Africa Style promotes african world culture through the diffusion of knowledge of the Encephalartos, a proper fossil - plant.

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Here below you will find the original version of experts Moretti and Osborne

What are cycads?

The present-day group of plants known as cycads, technically members of the order Cycadales, are the diverse and modified progeny of a much larger group of cone-bearing ancestors that flourished in the Mesozoic Era, reaching a zenith of global radiation in the Jurassic Period, some 160 million years ago. These enigmatic plants have motile sperm cells like those of the ancient seed-bearing ferns but bear embryo-containing seeds as do modern-day flowering plants. Cycads are a key component in biology’s evolutionary jigsaw puzzle, but how closely the present-day plants are related to their Jurassic ancestors is uncertain. A popular view is that the extant cycads are unchanged survivors from prehistoric times—the quaint terms “living fossils” or “coelacanths of the plant world” are used romantically but not strictly correctly in this sense. A better-informed opinion is that these plants constitute a small but robust group that has continually evolved over time to exploit a variety of niche positions in an increasingly competitive floral society.

Although for a major plant group, the number of cycad species—now about 330—is relatively small, there is considerable diversity within the order. Growth habits range from tall, unbranched, palm-like forms, to dwarf plants with reduced leaves and small subterranean trunks. Cycad habitats, too, vary from tropical rainforest to temperate alpine environments, as well as seasonally wet woodlands and desert cliffs. In morphological terms, persistent leaf bases and girdling leaf traces provide mechanical support to a stem that does not have true woody tissue. The group has a suite of unique phytotoxins, and has symbiotic associations with specific nitrogen-fixing cyanobacteria that inhabit apogeotropic (upwardly-growing) coralloid root clusters. Some cycads also have contractile roots that draw the caudex downward as the stem extends, an adaptation that protects the growing point from fire, predators and climatic extremes. In addition to these unusual vegetative features, theCycadales have many derived reproductive structures and strategies. These include being dioecious (having separate male and female plants), bearing brightly colored seeds, and having cones that undergo thermogenesis (a curious pattern of diurnal heating) that releases pheromone-like compounds that target specific co-dependent insect pollinators. In contrast, the free-swimming spermatozoids, liberated during the fertilization process, represent an ancestral condition found in much earlier plant forms. The sporadic cases of sex changes (in both directions) add further interest and complexity to these plants.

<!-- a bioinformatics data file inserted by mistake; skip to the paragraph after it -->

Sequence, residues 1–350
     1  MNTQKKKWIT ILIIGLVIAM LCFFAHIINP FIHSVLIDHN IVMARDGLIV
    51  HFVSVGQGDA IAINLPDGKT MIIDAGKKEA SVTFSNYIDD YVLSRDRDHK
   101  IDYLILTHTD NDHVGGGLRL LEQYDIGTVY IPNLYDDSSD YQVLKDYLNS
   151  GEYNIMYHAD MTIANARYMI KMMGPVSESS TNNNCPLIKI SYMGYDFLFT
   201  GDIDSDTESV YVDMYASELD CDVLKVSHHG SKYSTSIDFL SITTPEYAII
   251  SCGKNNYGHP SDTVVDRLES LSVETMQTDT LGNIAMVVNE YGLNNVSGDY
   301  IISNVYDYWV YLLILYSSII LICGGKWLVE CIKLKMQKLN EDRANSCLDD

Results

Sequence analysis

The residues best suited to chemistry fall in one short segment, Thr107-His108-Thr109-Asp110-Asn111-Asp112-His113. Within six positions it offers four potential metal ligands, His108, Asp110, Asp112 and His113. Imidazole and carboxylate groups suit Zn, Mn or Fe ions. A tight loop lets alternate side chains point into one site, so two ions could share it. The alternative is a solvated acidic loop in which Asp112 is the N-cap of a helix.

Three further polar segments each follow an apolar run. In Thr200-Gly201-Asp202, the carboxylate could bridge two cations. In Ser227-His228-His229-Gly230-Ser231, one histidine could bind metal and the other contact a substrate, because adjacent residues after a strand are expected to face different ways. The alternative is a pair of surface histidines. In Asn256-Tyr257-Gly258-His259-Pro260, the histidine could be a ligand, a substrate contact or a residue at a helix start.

Many of the cycad species occupy very specific habitats over small areas, and these plant populations are often low in number. At present, more that 50 cycad species are now on the IUCN Red List as critically endangered. Therefore the efforts of several international botanical gardens in maintaining ex-situ breeding colonies is vital. Gardeners and landscape architects find that the shape and symmetry of cycad foliage and trunks is visually appealing, and that the curious and often colourful reproductive structures are an added bonus. An increasing horticultural interest will surely promote commercially-viable nursery cultivation and further help to save these plants from extinction.

(Aldo Moretti e Roy Osborne)